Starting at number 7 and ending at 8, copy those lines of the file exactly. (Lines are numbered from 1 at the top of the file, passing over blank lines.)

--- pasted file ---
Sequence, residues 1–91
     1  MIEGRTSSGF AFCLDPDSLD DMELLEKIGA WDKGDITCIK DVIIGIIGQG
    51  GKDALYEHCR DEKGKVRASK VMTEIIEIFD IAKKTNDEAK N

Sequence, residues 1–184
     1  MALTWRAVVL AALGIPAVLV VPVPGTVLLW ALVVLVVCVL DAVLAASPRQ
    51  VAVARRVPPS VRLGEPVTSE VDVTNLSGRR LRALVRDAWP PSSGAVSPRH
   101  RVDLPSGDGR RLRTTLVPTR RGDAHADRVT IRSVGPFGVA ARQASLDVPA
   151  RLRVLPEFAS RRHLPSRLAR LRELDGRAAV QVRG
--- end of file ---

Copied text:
   101  RVDLPSGDGR RLRTTLVPTR RGDAHADRVT IRSVGPFGVA ARQASLDVPA
   151  RLRVLPEFAS RRHLPSRLAR LRELDGRAAV QVRG